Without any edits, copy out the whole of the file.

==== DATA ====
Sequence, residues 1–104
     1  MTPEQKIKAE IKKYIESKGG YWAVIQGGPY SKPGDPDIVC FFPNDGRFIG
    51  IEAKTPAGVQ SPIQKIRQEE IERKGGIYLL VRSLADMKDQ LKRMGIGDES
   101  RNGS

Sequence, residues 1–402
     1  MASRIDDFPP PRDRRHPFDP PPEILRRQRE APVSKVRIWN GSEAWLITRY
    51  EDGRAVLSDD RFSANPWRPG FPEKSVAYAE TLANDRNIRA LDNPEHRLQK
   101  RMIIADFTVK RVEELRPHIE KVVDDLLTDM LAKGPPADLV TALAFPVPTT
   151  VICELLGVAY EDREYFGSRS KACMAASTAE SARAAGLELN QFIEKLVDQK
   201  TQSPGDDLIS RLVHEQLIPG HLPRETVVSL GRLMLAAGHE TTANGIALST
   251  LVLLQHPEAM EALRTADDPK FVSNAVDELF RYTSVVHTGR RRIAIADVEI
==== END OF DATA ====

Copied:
Sequence, residues 1–104
     1  MTPEQKIKAE IKKYIESKGG YWAVIQGGPY SKPGDPDIVC FFPNDGRFIG
    51  IEAKTPAGVQ SPIQKIRQEE IERKGGIYLL VRSLADMKDQ LKRMGIGDES
   101  RNGS

Sequence, residues 1–402
     1  MASRIDDFPP PRDRRHPFDP PPEILRRQRE APVSKVRIWN GSEAWLITRY
    51  EDGRAVLSDD RFSANPWRPG FPEKSVAYAE TLANDRNIRA LDNPEHRLQK
   101  RMIIADFTVK RVEELRPHIE KVVDDLLTDM LAKGPPADLV TALAFPVPTT
   151  VICELLGVAY EDREYFGSRS KACMAASTAE SARAAGLELN QFIEKLVDQK
   201  TQSPGDDLIS RLVHEQLIPG HLPRETVVSL GRLMLAAGHE TTANGIALST
   251  LVLLQHPEAM EALRTADDPK FVSNAVDELF RYTSVVHTGR RRIAIADVEI